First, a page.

Shelf Life

Dispatches From the Operating Room

An excerpt from The Invention of Surgery

By Katie Daniels | March 3, 2020
Flickr/VCU Libraries
Flickr/VCU Libraries

“I want to be able to play softball this summer and I don’t want scars,” requests a patient of surgeon David Schneider after falling 20 feet from a zip line, dislocating his elbow so badly that broken bones stick out of his arm. For Schneider, the case is a reminder of the stunning progress the medical community has made over the past century alone—for instance, doctors only began using penicillin to treat infections in 1942. One hundred years ago, his patient’s injury would most likely have been a death sentence. Instead, his patient survives with a functioning arm and unnoticeable scars. In his new book, The Invention of Surgery, Schneider chronicles the “renegades” who pioneered modern medical practices, weaving their stories alongside his own tales from the operating room to craft an engaging overview of the many breakthroughs in surgical history. In the following excerpt, he explores one such life-saving insight, which radically improved the survival of new mothers.

A startling transformation began in the 19th century: hospitals stopped being death houses, and became healing institutions, and even a venue to cultivate life. The French Revolution had transformed physicians’ ideas about the body, and had ushered in an era of uninhibited physical exam of the female body. With an improved scientific understanding of anatomy and pathology, the mechanics of childbirth became interesting to physicians themselves. Childbirth had only ever been commandeered by midwives, but obstetrics arose as a specialty, challenging the supremacy of midwifery. Nobility and the upper classes began choosing to have physicians (rather than mid- wives) deliver their babies in Europe and throughout the Continent. But the ultimate shock was this: women (and their babies) were much more likely to die if delivery was handled by a doctor.

A confounding duality therefore existed throughout the 19th century, wherein women were (directly or indirectly) pressured to deliver with a physician obstetrician in a hospital, in spite of the fact that the known risk of dying was many times higher than delivery with a midwife. What was the cause of death? Puerperal fever, also known as childbed fever. Typically, it would strike a woman in the hours after delivering, and would start as a lower abdominal pain, with a striking tenderness and swelling of the vaginal tissues. A foul discharge of pus would follow, and within hours, a gaseous distention of the belly and a spiking fever would develop. Most patients would rapidly progress toward shock, with shallow breathing, delirium, and profuse sweating in the hours before death. There was simply no effective treatment for a patient suffering from puerperal fever, and there was no explanation. Why—and how—were doctors making matters worse?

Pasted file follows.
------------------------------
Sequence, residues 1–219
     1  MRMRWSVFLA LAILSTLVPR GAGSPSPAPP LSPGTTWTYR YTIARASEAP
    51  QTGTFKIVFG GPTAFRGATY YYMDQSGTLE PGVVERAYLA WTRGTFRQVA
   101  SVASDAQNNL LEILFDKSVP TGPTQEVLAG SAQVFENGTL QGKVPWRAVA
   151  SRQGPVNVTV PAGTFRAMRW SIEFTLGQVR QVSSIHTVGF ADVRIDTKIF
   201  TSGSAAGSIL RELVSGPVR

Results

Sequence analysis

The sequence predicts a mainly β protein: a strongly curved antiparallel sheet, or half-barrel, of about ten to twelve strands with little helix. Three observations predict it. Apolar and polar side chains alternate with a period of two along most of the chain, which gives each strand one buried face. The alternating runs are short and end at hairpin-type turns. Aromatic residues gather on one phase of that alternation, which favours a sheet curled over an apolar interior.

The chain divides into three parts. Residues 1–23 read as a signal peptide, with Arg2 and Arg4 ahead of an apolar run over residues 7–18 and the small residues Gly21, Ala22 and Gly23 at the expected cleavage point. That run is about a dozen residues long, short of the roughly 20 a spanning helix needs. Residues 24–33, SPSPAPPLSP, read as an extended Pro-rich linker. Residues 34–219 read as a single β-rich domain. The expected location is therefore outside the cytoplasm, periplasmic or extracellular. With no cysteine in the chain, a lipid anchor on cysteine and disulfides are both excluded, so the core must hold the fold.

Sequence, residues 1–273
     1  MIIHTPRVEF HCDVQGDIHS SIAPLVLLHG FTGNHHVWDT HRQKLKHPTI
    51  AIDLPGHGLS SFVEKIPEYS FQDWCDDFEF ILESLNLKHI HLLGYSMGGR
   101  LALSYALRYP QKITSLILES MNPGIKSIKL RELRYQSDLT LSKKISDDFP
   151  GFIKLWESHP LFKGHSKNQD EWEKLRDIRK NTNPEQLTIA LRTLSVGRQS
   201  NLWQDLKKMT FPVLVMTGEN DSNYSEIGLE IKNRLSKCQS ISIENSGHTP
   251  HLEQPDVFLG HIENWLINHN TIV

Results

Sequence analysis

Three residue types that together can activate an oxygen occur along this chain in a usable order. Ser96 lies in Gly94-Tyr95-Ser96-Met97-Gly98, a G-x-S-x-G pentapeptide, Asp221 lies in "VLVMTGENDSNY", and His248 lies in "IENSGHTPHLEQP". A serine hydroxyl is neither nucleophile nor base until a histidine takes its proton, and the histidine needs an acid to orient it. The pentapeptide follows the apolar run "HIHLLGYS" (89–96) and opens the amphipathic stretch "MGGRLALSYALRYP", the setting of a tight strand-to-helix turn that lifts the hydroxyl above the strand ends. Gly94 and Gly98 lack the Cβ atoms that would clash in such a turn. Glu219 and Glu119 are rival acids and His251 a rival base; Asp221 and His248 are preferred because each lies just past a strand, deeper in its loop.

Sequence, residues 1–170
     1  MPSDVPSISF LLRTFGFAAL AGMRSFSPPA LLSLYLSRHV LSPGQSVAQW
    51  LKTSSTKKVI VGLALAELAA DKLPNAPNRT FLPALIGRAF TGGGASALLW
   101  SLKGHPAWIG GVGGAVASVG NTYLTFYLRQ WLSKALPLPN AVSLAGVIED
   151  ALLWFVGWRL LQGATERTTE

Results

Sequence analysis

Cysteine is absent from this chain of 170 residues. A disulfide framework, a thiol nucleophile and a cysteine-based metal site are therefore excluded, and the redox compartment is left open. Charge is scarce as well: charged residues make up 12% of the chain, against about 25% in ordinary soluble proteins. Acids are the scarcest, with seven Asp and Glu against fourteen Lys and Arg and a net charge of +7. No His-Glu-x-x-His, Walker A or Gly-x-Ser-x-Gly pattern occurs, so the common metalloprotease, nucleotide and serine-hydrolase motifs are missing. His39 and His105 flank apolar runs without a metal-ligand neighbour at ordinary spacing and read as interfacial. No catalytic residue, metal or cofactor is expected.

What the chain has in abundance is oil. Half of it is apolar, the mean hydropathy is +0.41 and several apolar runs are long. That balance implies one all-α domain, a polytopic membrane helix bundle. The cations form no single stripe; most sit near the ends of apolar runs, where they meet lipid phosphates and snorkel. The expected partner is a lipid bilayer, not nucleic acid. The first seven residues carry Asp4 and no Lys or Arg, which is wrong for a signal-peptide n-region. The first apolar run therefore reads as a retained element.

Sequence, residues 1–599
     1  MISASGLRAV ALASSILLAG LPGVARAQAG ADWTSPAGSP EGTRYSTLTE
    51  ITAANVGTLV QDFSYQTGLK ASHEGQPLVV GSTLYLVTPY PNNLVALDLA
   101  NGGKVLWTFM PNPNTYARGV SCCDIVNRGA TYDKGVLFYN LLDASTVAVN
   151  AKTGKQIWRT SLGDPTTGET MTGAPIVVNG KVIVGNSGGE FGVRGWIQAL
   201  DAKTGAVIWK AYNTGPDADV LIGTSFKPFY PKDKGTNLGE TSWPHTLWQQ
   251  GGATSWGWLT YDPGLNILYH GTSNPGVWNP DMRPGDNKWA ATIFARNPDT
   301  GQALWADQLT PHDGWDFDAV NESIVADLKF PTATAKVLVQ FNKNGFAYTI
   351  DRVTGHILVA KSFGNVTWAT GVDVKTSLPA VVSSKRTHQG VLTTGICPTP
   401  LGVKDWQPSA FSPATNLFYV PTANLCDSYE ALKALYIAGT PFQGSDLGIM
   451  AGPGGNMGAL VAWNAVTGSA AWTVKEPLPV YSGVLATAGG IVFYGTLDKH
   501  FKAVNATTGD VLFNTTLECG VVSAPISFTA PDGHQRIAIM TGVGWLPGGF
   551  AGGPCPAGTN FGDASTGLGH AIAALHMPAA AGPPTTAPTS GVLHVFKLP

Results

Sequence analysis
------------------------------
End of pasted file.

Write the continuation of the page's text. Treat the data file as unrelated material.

Infections were a complete mystery to every generation of physicians, from Hippocrates to court physicians to every emperor and king in Europe in the 19th century. Epidemics had occurred in waves, including the plague, typhoid, yellow fever, malaria, and cholera, but lacking proper science to analyze the means of transmission, and having no way to visualize the culprits, contagions were as scary and insoluble as the demons in a Botticelli or Michelangelo painting. Most theorists pondered the “foul air” associated with an infection, wondering if there was something noxious in the atmosphere (in Italian, bad air is “malaria”). The miasma theory of infection posited that bad air was indeed to blame, and therefore, when puerperal fever was ravaging through a maternity unit, physicians concluded that some phantom agent was responsible. It simply wasn’t in the minds of men to conclude that small germs, bacteria, or viruses, were to blame.

Ignác Semmelweis was always an outsider. Born in Budapest, Hungary, in 1818, to a grocer, he would always speak German with a Buda-Swabian accent, reinforcing his role as a Hungarian interloper in Austria. He transferred to Vienna to complete medical school, and after two years of wrangling for a residency position, Semmelweis landed in the newfound department of obstetrics. Biding time, Semmelweis volunteered in the pathology division of Carl von Rokitansky, focusing on autopsies of women who had perished of gynecological diseases and operations. Alongside Morgagni, Louis, and Virchow, Rokitansky was the one of the major physicians who established Austria and the German nations as the new leaders of medicine by adopting the anatomic pathological basis of disease—the recognition that diseases (and the symptoms they generate) are organ-based. Semmelweis absorbed Rokitansky’s methods of analysis and observation, and armed with the cognitive tools to untangle the mysteries of disease, he solved the enigma of puerperal fever, paving the way for the eventual understanding of germs.

Arriving at the Vienna General Hospital, Semmelweis would have noted the Wiener Gebärhaus, a maternity wing to accommodate single women who were discreetly admitted through a dedicated private entrance. The “Pregnant Gate” was the entrance from the Rotenhausgasse, a narrow alleyway that today faces Austria’s National Bank. In the 1800s, the Pregnant Gate was the covert entrance that was accessed by laboring women, sometimes wearing “a mask or veil, and [were] unrecognizable as they wanted.” Once admitted, the women were directed to one of two divisions: the First Division where deliveries were carried out by doctors and medical students, and the Second Division, where midwives and students of midwifery performed the duties. Assignment was based upon the day of the week, which included weekend admissions to the First Division. With obstetrics gaining a foothold as a separate specialty, a specialized division to handle the deliveries of Vienna’s unwed mothers seemed to be a blessing for all parties involved. The newcomer Semmelweis discovered the horrifying reality that women cared for in the First Division were dramatically more likely to perish from puerperal fever than those attended to by midwives in the Second Division. Puerperal fever would strike in the hours following childbirth, initially causing painful swelling and redness of the birth canal, followed by severe, agonizing inflammation of the skin, and eventual systemic infection and lethal sepsis. Death was an excruciating certainty and an almost welcome respite from the ravages of fever.